This page is for general tips and tricks, focused mainly on game audio implementation.


Where applicable, you can download the associated reference material for free directly from


Limiting your sound instances

Context taken from my Unity / Wwise project:

While working on the audio implementation for my own personal project, I often came across the problem of duplicate sounds being triggered at run time.

This was happening most often when Wwise ‘events’ were being posted from C# script, with the main culprits being anything written for update, collision and sometimes the animator.

The solution I found was quick to do and is handled entirely in Wwise by tweaking a few settings > details to follow!
































The screenshots above (Peach1 & Peach2) show a typical offender at line 43 of the script, and the corresponding event from Wwise (Note that we will be only looking at the event ID : Sad_String_Quartet)

























The Above screenshot (Peach3) shows the Advanced Settings Menu from Wwise. Look at the settings under Playback Limit; these are the ones that are directly relevant to the behavior we want (Note that they are already set correctly, so copy them down).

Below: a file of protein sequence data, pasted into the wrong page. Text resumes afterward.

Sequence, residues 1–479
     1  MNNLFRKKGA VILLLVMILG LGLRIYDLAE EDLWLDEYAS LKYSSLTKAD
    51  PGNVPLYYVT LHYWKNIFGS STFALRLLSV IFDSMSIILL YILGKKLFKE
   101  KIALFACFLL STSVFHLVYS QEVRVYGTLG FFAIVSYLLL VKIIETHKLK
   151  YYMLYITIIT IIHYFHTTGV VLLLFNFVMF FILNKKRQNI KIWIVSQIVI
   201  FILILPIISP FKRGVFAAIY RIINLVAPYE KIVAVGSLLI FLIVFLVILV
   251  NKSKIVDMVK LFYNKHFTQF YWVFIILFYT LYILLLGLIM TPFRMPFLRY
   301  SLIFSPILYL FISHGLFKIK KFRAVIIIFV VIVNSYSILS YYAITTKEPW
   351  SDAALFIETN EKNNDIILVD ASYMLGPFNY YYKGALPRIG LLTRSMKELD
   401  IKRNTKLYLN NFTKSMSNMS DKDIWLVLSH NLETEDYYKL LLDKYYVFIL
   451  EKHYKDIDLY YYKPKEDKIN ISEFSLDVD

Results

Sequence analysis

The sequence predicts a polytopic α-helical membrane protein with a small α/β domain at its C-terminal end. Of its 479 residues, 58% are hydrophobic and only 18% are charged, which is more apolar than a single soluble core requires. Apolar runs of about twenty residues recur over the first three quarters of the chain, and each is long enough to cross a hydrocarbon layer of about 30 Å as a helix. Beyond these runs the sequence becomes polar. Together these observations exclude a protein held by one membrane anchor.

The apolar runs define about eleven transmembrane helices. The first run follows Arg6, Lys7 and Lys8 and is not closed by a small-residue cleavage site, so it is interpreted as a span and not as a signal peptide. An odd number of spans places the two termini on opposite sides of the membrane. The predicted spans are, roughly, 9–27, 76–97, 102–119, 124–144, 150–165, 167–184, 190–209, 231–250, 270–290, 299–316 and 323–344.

Using these settings, only 1 sound instance of this type will be allowed to play globally (meaning at any one time during run time).

For any new sound instance to be played, the previous one will have had to have played through it’s length entirely first, else it will be discarded.

It is important to note that these settings will need to incremented to include 2 sound instances if you are using looping sounds of any kind. This is in part because of the way Wwise queues up sounds for a smoother fade in and out.

As an added bonus; By effectively managing how Wwise handles its voices, you can quite easily improve the efficiency and sturdiness of the audio implementation as a whole.




Custom cue points in Wwise



The following suggests you already have a working knowledge of how to set up basic switches and transitions.

To help me give context to this. I have included a short example brief detailed below;

You need to make and implement a village theme that dynamically changes based on the time of day. It is important that the music never drop out while the player is inside the ‘village area’ of the game and it is important that the music remain a single piece of music with seamless loop points.

The finished test project outlined in the above brief can be downloaded and is fully playable. Follow this link to check it out. The password for the download is; villagetheme



















In the screen shot above (apple1) there are a bunch of custom cue points which will be used for transitions at run time. Each cue point (added by right clicking the time line at the top of the Wwise sequencer and ‘add custom cue’) is assigned a tag corresponding to a music track.

Take a closer look at the music track labelled ‘village_theme_melody’, it has 3 potential sub tracks. Of these sub tracks, 2 have been assigned switches, in this case for ‘day’ and ‘night’.